Two embodiments of the invention will now be explained with reference to the flowcharts shown in the accompanying drawings.
In both cases (FIGS. 1 and 2), the signal to be coded is an audio signal sampled at 16 kHz, quantized with 16 bits, and band-limited to 50-7000 Hz.
In the time domain, this continuous sequence of sample values is divided into blocks of equal length (here 256 values), and overtapping windowing is performed with the aid of a rectangular cosine function (step (1) in the figures). This overtapping windowing, which is known per se, suppresses audible block-boundary effects.
This is followed by a transformation of the blocks by means of a discrete Fourier transform, particularly a fast Fourier transform FFT (step (2)), together with a conventional block normalization.
The resulting 256 conjugate complex coefficients per block are then decomposed into magnitude and phase values (step (3)) in order to subsequently perform separate quantization.
Since the resolution of the human ear decreases with increasing frequency, higher frequencies can be quantized much more coarsely than low frequencies.
Therefore, the phase values (step (4) in FIG. 1), here 128 values, since only one half of the 256 conjugate complex values is relevant for reasons of symmetry, are quantized in accordance with a linear quantization characteristic, beginning with preferably 5 bits for the lowest frequency and decreasing to 2 bits for the highest frequency.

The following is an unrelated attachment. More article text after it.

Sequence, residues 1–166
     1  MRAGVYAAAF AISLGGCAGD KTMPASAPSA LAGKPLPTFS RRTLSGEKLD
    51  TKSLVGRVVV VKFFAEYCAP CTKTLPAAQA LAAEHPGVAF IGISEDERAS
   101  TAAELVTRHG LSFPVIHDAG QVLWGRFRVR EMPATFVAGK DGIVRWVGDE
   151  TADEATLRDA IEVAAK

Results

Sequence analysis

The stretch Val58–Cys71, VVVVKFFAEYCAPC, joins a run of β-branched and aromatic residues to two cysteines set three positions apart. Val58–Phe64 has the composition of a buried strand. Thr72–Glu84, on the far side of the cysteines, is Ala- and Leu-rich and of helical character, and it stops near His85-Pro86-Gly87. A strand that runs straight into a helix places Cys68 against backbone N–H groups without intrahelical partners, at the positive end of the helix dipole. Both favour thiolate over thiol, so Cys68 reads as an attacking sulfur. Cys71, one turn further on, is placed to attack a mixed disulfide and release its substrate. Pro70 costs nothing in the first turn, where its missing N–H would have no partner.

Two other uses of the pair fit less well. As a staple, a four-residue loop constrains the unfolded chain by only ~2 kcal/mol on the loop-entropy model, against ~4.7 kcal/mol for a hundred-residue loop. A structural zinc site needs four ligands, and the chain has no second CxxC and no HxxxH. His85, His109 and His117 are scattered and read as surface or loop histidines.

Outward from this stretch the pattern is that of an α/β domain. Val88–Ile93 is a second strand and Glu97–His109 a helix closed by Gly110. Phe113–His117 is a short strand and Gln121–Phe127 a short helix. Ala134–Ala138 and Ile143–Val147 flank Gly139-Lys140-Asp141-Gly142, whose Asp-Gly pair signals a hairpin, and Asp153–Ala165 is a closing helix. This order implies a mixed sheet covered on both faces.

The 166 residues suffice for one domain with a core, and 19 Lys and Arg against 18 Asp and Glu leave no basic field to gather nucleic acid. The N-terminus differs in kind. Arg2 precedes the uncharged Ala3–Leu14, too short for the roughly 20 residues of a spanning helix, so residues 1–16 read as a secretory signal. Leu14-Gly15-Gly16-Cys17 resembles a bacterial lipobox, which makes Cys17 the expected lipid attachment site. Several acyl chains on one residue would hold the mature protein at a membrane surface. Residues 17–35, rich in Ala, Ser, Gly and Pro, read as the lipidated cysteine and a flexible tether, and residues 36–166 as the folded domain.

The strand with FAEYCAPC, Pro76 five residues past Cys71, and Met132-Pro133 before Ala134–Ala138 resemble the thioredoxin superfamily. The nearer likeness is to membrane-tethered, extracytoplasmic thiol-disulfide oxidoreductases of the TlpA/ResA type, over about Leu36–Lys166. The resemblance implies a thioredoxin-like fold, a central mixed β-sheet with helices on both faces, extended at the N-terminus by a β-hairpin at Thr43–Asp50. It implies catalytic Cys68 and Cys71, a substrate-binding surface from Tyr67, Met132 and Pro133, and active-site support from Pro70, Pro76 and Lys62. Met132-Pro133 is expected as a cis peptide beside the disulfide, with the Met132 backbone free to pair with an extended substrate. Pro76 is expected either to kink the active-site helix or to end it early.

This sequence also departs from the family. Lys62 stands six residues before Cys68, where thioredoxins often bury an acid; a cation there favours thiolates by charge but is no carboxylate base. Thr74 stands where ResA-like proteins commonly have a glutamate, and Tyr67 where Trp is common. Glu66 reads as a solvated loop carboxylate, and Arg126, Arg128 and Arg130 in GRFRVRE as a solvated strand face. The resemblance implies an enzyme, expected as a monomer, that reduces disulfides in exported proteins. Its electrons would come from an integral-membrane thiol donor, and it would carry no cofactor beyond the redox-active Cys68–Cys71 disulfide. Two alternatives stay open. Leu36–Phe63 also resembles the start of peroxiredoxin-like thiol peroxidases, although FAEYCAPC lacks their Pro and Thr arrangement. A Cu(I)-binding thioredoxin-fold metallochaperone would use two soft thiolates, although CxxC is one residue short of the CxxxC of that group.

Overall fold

For data reduction, according to the invention, the magnitude values are considerably compressed.
To this end, the magnitude values are divided into frequency bands (step (5) in FIG. 1), which are oriented with regard to critical bands, and become wider toward higher frequencies. The principle of critical bands is known, for example, from "Subdivision of the Audible Frequency Range into Critical Bands (Frequenzgruppen)", by E. Zwicker, The Journal of Acoustical Society of America, Vol. 33, No. 2, Feb. 1961, page 248.
For such a magnitude-group formation, instead of the individual magnitude values of the spectral lines, only the geometric mean of all magnitudes of a band is computed.
The magnitude-group formation chosen here permits a reduction from initially 128 magnitudes (here, too, only one half of the 256 conjugate complex values is used) to 58 frequency bands. For the lowest frequency range (magnitude group 0 to 31), all magnitude values are used, forming 32 frequency bands; for the subsequent frequency range (magnitudes 32 to 60), every two adjacent magnitude values are combined, forming 14 frequency bands; for the next frequency range (magnitudes 60 to 104), every four magnitude values are combined, forming 11 frequency bands, and for the highest frequency range (magnitudes 104 to 112), every eight adjacent magnitude values are combined, forming 1 frequency band (magnitudes 112 to 127 are disregarded).